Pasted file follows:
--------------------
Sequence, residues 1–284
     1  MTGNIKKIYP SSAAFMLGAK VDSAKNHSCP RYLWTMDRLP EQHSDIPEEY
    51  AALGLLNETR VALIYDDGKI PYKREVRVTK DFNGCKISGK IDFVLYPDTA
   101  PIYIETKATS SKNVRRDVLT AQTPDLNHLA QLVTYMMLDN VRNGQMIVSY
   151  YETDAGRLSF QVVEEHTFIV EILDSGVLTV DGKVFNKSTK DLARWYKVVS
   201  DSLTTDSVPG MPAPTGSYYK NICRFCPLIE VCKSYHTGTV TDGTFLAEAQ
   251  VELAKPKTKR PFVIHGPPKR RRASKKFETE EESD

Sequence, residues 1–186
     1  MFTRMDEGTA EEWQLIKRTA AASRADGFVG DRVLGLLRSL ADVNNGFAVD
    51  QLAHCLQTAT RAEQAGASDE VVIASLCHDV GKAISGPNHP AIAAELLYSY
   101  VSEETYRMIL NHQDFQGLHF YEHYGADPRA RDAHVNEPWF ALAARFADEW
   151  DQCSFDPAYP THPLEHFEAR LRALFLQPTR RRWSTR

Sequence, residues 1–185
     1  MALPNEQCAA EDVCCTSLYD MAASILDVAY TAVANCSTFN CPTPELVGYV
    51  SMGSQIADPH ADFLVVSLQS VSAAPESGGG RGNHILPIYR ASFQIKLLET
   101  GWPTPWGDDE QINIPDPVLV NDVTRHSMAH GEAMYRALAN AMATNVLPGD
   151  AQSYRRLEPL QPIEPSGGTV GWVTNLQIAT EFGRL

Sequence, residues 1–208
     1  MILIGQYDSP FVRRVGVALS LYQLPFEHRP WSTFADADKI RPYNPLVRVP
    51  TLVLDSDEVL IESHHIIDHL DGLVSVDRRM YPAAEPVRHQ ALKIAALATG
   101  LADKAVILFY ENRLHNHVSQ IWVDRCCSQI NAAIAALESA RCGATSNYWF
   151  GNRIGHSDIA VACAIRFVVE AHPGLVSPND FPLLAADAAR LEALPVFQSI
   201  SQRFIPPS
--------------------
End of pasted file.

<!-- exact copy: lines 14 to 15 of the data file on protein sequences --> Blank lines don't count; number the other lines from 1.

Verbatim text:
     1  MALPNEQCAA EDVCCTSLYD MAASILDVAY TAVANCSTFN CPTPELVGYV
    51  SMGSQIADPH ADFLVVSLQS VSAAPESGGG RGNHILPIYR ASFQIKLLET